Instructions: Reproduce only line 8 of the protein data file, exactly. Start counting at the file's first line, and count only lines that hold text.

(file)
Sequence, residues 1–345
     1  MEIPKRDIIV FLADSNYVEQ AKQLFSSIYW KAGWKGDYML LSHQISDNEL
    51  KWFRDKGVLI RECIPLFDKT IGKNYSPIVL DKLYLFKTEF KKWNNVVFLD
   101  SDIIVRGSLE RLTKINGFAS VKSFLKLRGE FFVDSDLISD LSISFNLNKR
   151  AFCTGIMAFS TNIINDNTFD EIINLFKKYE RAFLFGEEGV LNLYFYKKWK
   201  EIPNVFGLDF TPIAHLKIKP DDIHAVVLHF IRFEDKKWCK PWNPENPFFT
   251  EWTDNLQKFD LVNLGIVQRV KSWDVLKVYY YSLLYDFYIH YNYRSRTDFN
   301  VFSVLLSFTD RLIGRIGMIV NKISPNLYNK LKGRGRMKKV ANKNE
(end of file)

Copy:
   301  VFSVLLSFTD RLIGRIGMIV NKISPNLYNK LKGRGRMKKV ANKNE